A minor, historical note: The whole Church, which was undivided at this time, was referred to as the Catholic Church and its Orthodox members sometimes as Catholics. The term in English has come to mean “Roman Catholic,” but reading this into the text would be anachronistic. “Catholic” means universal (literally “through the whole”) and describes both: 1) the fact that no one is barred from being a Christian by ethnicity, class, gender, or anything else accidental to the image of God within us; and 2) the fact that all across the world, the Orthodox faith is the same and the Church is the same, despite different regional traditions and customs. Thus, the Orthodox Church today, of which I am a member, is also called the Catholic Church. Nor do I mind being called a Catholic. I am just not a Roman Catholic. Hopefully, some day these distinctions will be unnecessary again.
But back to the note on different regional customs—that brings me to our story:
2. The clergy of Egypt observe the feast of Epiphany as the time of our Lord’s birth as well as the time of his baptism, and, unlike the western Church with its two separate festivals, keep both commemorations upon the same day. They keep a custom of immemorial antiquity that after Epiphany the Bishop of Alexandria sends a letter to every church and monastery in Egypt declaring the dates for the beginning of Lent and Easter Day.
A few days after the first conference with Abba Isaac, arrived the customary festal letter from Bishop Theophilus of Alexandria. Besides declaring the date of Easter, he included in the letter a long refutation of the absurd heresy of the Anthropomorphites. Nearly all the monks in Egypt, being uneducated and therefore holding wrong ideas, received this with bitterness and hostility: and a large majority of elders from all the ascetic brotherhood decreed that the bishop was guilty of a grave and hateful heresy, because (by denying that Almighty God was formed in the fashion of a man, when Scripture bears clear witness that Adam was created in his image) he seemed to be attacking the text of Holy Scripture. Even the hermits in the desert of Scete, who were more educated and more spiritually advanced than any other Egyptian monks, rejected the letter of Theophilus. The priests who were presiding over three of the four churches in Scete would not allow the letter to be read at their meetings: and the only exception was Abba Paphnutius, who was the priest of my own congregation.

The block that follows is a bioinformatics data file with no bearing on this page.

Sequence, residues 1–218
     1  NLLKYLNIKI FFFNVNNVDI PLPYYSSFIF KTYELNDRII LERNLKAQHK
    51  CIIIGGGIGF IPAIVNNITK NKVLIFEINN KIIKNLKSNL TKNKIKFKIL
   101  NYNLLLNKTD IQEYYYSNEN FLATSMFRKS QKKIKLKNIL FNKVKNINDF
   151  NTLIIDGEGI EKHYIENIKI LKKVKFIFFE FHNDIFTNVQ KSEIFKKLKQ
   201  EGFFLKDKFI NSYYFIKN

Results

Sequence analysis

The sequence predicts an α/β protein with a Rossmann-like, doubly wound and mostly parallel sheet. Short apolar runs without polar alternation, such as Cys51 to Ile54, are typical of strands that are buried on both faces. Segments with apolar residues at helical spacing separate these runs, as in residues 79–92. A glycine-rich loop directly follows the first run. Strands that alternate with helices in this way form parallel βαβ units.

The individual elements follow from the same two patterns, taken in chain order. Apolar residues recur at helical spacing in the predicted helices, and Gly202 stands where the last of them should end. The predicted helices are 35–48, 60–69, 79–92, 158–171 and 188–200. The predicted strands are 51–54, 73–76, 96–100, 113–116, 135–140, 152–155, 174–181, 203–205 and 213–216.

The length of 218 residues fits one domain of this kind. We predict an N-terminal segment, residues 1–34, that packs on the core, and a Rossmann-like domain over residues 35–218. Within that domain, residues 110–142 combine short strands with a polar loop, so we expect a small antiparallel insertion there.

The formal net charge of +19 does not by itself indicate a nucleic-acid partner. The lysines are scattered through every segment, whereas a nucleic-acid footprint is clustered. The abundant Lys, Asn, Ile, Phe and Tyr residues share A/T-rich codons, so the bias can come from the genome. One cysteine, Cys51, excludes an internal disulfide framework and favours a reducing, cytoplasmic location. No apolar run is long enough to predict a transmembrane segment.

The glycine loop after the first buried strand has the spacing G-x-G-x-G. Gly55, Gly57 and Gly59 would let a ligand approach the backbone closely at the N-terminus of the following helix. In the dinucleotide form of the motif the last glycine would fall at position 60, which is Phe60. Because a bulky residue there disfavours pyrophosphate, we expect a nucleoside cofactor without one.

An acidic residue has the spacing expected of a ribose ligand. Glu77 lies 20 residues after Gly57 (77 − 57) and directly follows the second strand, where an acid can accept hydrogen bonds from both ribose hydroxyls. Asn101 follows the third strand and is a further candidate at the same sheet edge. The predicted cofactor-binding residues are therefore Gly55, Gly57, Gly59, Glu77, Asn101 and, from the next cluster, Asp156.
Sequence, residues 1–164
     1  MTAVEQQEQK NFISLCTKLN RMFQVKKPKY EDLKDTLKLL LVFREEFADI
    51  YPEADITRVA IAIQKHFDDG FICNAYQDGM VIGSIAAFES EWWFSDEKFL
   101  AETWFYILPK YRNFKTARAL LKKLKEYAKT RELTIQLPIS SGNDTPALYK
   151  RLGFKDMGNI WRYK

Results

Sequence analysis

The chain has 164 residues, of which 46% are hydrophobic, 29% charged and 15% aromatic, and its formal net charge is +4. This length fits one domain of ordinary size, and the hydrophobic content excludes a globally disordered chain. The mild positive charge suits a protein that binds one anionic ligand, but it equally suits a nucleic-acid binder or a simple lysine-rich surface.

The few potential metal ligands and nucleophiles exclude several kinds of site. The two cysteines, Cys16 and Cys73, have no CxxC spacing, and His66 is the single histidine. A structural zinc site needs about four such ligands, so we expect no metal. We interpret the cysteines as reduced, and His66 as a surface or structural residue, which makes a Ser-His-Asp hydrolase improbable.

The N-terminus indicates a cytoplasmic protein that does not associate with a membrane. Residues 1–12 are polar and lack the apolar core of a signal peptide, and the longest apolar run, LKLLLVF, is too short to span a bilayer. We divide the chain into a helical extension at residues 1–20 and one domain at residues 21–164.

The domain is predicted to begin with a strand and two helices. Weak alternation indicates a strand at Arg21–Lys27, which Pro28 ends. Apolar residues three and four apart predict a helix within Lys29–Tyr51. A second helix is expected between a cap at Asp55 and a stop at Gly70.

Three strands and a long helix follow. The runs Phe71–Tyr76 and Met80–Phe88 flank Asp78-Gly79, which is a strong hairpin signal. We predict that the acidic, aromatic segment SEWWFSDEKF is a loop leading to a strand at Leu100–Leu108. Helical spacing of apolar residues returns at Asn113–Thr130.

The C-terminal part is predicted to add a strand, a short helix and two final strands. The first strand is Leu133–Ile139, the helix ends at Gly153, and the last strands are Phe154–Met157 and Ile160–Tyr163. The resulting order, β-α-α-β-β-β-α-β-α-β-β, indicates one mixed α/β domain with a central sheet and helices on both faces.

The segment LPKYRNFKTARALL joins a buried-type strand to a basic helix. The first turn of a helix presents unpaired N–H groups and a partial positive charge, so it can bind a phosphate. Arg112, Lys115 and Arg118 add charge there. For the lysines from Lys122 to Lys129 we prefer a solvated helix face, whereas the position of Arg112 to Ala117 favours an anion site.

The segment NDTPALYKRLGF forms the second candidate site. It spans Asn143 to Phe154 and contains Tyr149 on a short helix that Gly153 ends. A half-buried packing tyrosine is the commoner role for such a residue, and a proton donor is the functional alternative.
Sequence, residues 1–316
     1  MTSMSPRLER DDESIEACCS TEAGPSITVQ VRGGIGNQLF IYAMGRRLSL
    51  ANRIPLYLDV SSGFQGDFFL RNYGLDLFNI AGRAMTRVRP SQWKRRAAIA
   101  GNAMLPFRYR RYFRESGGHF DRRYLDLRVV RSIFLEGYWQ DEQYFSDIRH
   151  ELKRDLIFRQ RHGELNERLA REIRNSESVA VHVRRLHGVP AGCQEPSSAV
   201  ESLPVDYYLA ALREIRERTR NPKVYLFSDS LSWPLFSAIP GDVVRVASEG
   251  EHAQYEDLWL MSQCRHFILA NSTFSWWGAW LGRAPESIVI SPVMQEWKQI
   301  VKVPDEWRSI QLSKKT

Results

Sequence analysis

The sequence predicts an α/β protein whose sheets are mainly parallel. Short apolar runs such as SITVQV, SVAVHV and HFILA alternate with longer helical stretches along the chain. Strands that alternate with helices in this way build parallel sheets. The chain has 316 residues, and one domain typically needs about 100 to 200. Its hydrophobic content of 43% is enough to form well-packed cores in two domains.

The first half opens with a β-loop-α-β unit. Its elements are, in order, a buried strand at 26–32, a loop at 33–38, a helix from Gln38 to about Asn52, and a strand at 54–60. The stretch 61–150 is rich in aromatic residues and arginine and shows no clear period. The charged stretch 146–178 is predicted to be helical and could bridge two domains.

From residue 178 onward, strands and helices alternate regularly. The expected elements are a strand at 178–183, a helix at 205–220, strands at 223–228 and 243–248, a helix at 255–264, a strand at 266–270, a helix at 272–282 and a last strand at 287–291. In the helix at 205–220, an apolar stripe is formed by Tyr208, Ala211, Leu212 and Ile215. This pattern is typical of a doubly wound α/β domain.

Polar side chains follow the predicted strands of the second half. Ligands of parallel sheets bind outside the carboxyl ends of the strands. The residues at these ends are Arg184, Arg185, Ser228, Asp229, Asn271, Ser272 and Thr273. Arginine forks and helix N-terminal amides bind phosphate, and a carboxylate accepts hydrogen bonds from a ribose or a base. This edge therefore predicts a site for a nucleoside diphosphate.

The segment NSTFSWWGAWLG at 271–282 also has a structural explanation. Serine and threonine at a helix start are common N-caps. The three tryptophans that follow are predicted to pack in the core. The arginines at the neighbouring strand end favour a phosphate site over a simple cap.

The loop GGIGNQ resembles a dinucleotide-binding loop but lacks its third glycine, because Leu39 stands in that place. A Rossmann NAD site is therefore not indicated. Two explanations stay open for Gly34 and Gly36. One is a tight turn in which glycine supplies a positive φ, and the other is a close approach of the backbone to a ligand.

3. Among those caught by the error was a monk named Sarapion, who had for many years lived a life of strict discipline and had achieved the leading of a truly good life. Almost first among monks in merit and in years in the desert, equally he was almost first in his ignorant prejudice against orthodox believers.
The saintly priest, Paphnutius, used many exhortations to bring him back to the true belief, but unsuccessfully. To Sarapion the view seemed a novelty, not found in tradition.
It chanced that a deacon of great learning, named Photinus, arrived from Cappadocia with the object of visiting the brothers in Scete. Paphnutius gave him a warm welcome. And to support the doctrine contained in the letter of Bishop Theophilus, he led Photinus into the middle of the congregation, and in, the presence of all the brothers, asked how the Catholic Churches of the East understood the text in Genesis: “Let us make man after our image and likeness.” Photinus explained how all the leaders of the churches understood the text spiritually, not literally nor crudely, and made a long speech adducing numerous proofs from Scripture. “That immeasurable, incomprehensible, invisible majesty cannot be limited by a human frame or likeness. His nature is incorporeal, uncompounded, simple, and cannot be seen by human eyes nor conceived adequately by a human mind.”
At last old Sarapion was moved by the numerous and convincing assertions of this learned man, and consented to the traditional faith of Catholics. Abba Paphnutius and the rest of us felt great joy at his assent; joy that the Lord had not allowed a man of such age and goodness, who had erred in simple ignorance, to end his days unorthodox in the faith.
When we stood up to give thanks to the Lord in prayer, the old man felt mentally bewildered at having to pray, because he could no longer sense in his heart the anthropomorphic image of God which he had always before his mind’s eye when praying.
Suddenly he broke into bitter weeping and sobbing, and throwing himself prostrate on the ground with groans, cried: “Woe is me! They have taken my God away from me, and I have none to grasp, and I know not whom to adore or to address.”
Germanus and I were deeply moved by this scene. And with the effect of the last Conference still in our hearts, we returned to Abba Isaac.